Better buzzwords: Use the words “listen” and “improve” to indicate how your actions made the company better. “I listened to my customers’ feedback and used that information to create a streamlined process that improved efficiency by two hours.”

‘Responsible’
What you think it says: “I’m in charge of this.”

Your resume is no place for vagueness, and writing “responsible” on your resume—as in, “I was responsible for xyz”—leaves it unclear exactly what role you played.

Get specific about the level of authority you had. If you managed the project, say that. If you launched it, say that.

Better buzzwords: Hiring managers prefer more specific words, like “managed” or “directed,” with details about your contribution, according to Palmer. And use numbers to make your accomplishments stand out. Metrics, data, or any kind of stats help recruiters and hiring managers see the impact you made.

‘Expert’
What you think it says: “I’m the best at this.”

There may be portions of your job that you know so well, you can do them with your eyes closed—but that doesn’t mean you get to claim “expert” on your resume. True experts don’t need to proclaim their elite status; instead, they let their well-earned reputations on the job speak for themselves.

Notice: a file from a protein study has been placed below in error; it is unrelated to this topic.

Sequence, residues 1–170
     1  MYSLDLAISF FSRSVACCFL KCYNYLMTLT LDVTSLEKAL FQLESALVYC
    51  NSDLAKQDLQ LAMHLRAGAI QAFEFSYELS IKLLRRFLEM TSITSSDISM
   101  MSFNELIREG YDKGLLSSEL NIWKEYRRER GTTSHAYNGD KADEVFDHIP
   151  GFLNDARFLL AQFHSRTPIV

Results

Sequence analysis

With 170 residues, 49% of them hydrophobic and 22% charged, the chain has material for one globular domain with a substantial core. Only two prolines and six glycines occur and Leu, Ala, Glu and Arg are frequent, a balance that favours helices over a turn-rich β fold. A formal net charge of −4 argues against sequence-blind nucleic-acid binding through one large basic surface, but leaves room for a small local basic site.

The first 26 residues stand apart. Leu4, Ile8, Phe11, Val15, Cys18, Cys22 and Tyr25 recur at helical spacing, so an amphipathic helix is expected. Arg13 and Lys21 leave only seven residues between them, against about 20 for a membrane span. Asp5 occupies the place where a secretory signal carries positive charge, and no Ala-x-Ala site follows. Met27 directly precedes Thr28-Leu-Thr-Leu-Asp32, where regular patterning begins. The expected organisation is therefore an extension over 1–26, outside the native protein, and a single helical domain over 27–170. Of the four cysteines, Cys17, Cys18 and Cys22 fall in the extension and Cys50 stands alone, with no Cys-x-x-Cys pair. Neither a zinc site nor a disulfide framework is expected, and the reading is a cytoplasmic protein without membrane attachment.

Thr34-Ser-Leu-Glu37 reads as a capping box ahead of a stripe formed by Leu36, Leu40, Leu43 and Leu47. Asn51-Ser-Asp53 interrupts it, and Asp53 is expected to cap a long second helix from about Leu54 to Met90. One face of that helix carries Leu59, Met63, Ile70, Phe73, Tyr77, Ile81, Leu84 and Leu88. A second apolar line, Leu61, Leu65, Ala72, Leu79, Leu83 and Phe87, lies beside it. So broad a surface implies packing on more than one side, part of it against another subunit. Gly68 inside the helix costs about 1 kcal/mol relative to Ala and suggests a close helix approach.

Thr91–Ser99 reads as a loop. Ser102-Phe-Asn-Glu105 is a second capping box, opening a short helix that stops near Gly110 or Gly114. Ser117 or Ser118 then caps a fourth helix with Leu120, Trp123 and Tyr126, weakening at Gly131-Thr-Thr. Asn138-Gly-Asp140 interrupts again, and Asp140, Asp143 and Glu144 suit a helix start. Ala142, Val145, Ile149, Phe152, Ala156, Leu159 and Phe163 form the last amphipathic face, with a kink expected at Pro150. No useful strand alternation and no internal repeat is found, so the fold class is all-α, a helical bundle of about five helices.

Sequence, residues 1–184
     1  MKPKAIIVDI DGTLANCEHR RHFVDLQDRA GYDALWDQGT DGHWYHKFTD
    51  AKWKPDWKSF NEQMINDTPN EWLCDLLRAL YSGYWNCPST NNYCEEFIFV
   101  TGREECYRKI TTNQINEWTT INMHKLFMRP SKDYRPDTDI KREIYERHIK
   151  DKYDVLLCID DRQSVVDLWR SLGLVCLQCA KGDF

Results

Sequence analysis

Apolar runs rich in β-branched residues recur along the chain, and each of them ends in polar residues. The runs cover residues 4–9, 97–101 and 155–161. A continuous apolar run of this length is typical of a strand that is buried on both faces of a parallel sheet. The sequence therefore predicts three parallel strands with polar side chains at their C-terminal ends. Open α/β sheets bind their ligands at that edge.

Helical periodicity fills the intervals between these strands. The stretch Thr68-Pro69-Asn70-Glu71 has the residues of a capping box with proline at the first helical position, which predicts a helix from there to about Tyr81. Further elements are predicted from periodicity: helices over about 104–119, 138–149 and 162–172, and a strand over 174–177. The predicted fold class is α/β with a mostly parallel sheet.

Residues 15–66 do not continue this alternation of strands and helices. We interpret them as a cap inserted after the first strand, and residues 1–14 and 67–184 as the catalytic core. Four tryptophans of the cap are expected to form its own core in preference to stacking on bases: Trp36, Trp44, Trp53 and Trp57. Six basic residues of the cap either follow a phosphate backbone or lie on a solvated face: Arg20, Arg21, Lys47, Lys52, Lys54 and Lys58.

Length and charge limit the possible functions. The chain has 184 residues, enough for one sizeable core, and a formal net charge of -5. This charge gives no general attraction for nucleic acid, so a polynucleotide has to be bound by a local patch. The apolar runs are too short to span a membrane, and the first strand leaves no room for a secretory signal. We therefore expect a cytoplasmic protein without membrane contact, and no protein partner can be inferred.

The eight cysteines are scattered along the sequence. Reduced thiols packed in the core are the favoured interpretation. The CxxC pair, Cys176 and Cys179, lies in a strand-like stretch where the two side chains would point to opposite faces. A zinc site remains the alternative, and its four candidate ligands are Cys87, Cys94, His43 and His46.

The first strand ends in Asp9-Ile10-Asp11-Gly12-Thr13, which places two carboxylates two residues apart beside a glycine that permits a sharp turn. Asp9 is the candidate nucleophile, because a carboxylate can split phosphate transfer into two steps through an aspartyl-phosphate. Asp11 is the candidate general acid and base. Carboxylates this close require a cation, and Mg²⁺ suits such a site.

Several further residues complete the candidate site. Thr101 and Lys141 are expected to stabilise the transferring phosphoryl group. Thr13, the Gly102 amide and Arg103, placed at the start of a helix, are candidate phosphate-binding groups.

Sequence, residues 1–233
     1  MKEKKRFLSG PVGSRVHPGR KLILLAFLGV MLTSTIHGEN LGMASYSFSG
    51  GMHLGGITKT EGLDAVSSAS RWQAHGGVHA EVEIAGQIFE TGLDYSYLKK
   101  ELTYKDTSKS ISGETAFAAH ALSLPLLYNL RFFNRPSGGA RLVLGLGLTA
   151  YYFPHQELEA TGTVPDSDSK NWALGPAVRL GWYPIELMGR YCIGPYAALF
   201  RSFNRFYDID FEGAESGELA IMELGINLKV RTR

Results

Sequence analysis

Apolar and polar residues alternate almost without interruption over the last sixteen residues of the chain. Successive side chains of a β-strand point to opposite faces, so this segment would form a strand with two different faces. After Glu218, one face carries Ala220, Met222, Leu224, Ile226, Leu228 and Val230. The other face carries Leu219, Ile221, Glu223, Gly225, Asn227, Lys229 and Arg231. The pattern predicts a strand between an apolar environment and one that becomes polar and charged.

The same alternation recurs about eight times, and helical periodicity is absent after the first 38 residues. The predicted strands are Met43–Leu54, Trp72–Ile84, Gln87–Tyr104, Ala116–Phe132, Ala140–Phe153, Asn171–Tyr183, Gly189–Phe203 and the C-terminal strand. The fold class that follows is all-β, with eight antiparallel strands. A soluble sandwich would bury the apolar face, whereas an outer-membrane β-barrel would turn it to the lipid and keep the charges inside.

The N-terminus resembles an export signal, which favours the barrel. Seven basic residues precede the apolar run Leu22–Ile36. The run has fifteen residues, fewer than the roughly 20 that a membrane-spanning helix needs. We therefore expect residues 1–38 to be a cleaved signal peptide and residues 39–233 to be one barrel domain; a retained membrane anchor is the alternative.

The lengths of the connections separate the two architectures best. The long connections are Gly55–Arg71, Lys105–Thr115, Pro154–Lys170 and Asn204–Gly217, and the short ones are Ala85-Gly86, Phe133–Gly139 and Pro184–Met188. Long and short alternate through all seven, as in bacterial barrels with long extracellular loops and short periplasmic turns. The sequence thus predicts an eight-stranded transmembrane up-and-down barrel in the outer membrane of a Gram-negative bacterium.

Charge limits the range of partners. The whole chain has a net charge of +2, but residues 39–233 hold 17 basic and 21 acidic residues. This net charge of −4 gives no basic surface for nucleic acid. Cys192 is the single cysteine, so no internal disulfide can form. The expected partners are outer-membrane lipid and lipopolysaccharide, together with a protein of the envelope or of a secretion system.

Better buzzwords: Use action words, such as “published” or “delivered,” to demonstrate your professional clout. Focus on your years of experience and training, and give examples that show off your authority. For example, “Published 10 articles in industry magazines,” or, “Delivered keynote address at three industry conferences.”

Check your language
You want your resume to appear fresh and contemporary, but you also want it to say something that hiring managers would consider valuable. Want to make sure your writing efforts are paying off? Get a free resume evaluation today from the experts at Monster’s Resume Writing Service. You’ll get detailed feedback in two business days, including a review of your resume’s appearance and content, and a prediction of a recruiter’s first impression. Generate buzz without fizzing out.

accelerated
achieved
added
awarded
changed
produced
reduced
Acknowledged
Assimilated
Embraced
Encouraged
Energized
contributed
decreased
delivered
eliminated
exceeded
saved
sold
streamlined
Contributed
Diversified
Blended
Coalesced
Collaborated
expanded
gained
generated
grew
improved
Gathered
Harmonized
Ignited
Joined
Melded